‘Daniel was not a great technical printer, but his books have great charm. He printed on hand-made papers, setting his texts – mostly poetry – from founts of some of the famous seventeenth-century ‘Fell types’ which he persuaded Press Controller Horace Hart at the University Press to sell him. He first used Fell type in A New Sermon of the Newest Fashion (1876), the second book he printed at Oxford. He also used a black letter, of which the first example entirely in black letter is The Growth of Love (1890) by his friend Robert Bridges.’
This large Albion was the printing press which was given to the Bodleian. As reported by Philip Gaskell in the Journal of the Printing Historical Society no. 1, 1965, it is an ‘Albion (demy), serial number 539, (1835)’. The maker’s names, Jonathan and Jeremiah Barrett, executors of R.W. Cope, are cast into the staple. Cope was the originator of the Albion press in the 1820s. This cast-iron, lever-operated press was praised by commentators of the time as being simple in construction and durable.
Bodley’s Librarian in 1919, Falconer Madan, had visions beyond a static display of the press. ‘[I]t is in contemplation to print on it a Bibliography of the Daniel Press, with a Memoir of its “only begetter”, and some poems by friends. This will be the first book ever printed within the walls of the Bodleian.’ The catalogue record of this work is in the University of Oxford’s online catalogue, SOLO.
Martyn Ould writes:
‘As well as his books – over fifty in total – we’re fortunate in that two collections of proofs survive from his waste bin. Like early versions of a poet’s final polished verse, they tell us something of his printing practice. They are generally on sheets of newsprint – a suitably cheaper alternative to the expensive hand-made paper of the final book.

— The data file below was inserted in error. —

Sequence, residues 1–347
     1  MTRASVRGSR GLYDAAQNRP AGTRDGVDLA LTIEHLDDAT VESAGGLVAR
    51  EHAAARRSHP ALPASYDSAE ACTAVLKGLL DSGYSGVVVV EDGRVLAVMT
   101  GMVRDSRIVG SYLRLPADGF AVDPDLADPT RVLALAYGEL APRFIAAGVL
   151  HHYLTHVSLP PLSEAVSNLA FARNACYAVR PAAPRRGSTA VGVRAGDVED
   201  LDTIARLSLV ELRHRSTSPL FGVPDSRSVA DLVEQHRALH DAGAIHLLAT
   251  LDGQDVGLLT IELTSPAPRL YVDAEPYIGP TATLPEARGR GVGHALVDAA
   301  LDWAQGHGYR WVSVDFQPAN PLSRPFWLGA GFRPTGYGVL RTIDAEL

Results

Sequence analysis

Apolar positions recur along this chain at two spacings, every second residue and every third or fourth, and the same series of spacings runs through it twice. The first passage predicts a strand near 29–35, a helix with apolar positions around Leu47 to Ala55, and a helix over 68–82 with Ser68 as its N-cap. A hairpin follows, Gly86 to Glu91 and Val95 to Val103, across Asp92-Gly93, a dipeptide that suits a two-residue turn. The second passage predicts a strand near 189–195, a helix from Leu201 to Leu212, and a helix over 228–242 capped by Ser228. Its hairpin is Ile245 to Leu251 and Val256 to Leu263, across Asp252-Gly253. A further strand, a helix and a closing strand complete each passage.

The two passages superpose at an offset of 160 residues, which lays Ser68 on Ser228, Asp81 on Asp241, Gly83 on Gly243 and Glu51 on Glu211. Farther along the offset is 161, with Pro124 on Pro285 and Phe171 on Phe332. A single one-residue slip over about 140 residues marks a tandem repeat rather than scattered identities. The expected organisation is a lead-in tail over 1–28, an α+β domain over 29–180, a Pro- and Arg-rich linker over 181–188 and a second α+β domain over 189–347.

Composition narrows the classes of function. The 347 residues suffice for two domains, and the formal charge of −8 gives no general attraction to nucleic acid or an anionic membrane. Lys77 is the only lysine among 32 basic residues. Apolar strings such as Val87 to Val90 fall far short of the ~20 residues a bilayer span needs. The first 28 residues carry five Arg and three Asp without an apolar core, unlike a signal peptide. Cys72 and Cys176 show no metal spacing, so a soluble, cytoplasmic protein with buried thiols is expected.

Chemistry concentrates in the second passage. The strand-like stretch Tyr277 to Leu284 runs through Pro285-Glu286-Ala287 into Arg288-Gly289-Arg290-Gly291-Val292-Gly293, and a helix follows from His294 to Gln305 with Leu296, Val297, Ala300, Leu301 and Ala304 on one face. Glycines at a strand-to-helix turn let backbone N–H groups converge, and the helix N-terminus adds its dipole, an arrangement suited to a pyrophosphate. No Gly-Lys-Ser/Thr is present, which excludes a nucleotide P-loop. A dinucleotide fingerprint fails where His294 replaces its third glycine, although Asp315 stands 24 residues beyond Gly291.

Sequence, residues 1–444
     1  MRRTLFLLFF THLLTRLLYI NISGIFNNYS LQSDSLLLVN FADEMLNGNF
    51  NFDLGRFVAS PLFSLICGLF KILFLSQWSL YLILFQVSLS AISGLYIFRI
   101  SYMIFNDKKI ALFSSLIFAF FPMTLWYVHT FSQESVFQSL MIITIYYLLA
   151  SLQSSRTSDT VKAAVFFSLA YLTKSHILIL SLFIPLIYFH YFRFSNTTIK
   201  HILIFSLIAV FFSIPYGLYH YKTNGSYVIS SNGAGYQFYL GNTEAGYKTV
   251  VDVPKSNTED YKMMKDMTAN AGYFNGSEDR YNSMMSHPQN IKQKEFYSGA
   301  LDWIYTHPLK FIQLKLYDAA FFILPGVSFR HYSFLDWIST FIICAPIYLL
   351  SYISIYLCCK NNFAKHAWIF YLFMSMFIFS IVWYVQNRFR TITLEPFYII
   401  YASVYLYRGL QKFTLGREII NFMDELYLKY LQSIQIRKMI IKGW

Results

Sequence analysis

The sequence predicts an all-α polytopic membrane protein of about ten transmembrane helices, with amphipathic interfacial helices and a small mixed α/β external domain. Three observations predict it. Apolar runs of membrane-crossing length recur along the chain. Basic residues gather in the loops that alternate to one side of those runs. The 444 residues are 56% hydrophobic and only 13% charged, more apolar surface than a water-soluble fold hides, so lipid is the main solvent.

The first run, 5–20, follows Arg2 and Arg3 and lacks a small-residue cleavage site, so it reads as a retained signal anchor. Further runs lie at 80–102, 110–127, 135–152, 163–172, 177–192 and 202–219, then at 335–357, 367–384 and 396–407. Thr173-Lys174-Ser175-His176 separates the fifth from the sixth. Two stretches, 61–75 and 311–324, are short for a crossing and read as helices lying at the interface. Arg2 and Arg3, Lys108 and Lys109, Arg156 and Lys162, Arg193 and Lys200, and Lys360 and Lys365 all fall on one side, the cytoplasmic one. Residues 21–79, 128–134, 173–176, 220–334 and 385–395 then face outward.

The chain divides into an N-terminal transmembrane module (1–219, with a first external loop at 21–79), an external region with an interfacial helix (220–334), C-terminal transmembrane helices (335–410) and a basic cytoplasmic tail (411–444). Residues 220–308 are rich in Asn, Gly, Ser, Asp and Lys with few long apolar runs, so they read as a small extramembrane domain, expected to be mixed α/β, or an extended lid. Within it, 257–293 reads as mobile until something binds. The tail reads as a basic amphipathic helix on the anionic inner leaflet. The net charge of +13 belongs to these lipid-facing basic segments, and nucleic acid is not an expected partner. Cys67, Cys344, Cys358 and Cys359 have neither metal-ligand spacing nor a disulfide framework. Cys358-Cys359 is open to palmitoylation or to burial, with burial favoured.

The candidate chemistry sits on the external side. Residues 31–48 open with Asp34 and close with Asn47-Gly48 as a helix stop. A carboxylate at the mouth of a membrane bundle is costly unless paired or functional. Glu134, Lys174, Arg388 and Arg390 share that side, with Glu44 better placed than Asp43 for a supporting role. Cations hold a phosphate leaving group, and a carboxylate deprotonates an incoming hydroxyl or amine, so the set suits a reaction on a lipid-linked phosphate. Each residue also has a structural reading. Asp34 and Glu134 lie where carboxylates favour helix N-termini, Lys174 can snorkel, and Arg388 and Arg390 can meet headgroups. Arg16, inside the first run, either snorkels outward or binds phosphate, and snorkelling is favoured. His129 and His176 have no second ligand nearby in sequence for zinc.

‘In the proof of a title page shown here he has marked several ‘typos’. The Y for an R in ‘Oxford’ is easily explained: the boxes for those two letters are next to each other in the typecase and no doubt the Y was returned to the wrong box when some other text was distributed. The missing i in ‘Children’ is less easily forgiven.
‘In three further proofs Daniel corrected some errors and toyed with the text; all was well in the published book. The proofs tell us that Daniel did not have a firm habit of reading a completed line in the composing stick before moving on to the next: what must be a first of several proofs of a forme for Three Japanese Plays for Children shows a great many errors, some of which made it through to the final book. Nonetheless, his books are today highly collectable.’
In 1949, library staff and members of the English Faculty established the Bibliography Room in the New Bodleian Library. Practical printing became a regular offering for postgraduate students, just at the time when mechanical processes of type-setting were replacing the hand-composition of type. The enthusiasts from library and faculty supported teaching and demonstration of practical printing, joined by J.R.R. Tolkien and others.
The Bodleian workshop now holds several other hand-operated printing presses, Albions and other makes, acquired from private presses and individuals. Some of the latest acquisitions were an Albion press owned by Leonard Baskin, whose archive came to the Bodleian in 2009, a proofing press owned and used by Vivian Ridler, Printer to the University, and a rolling press for printing intaglio.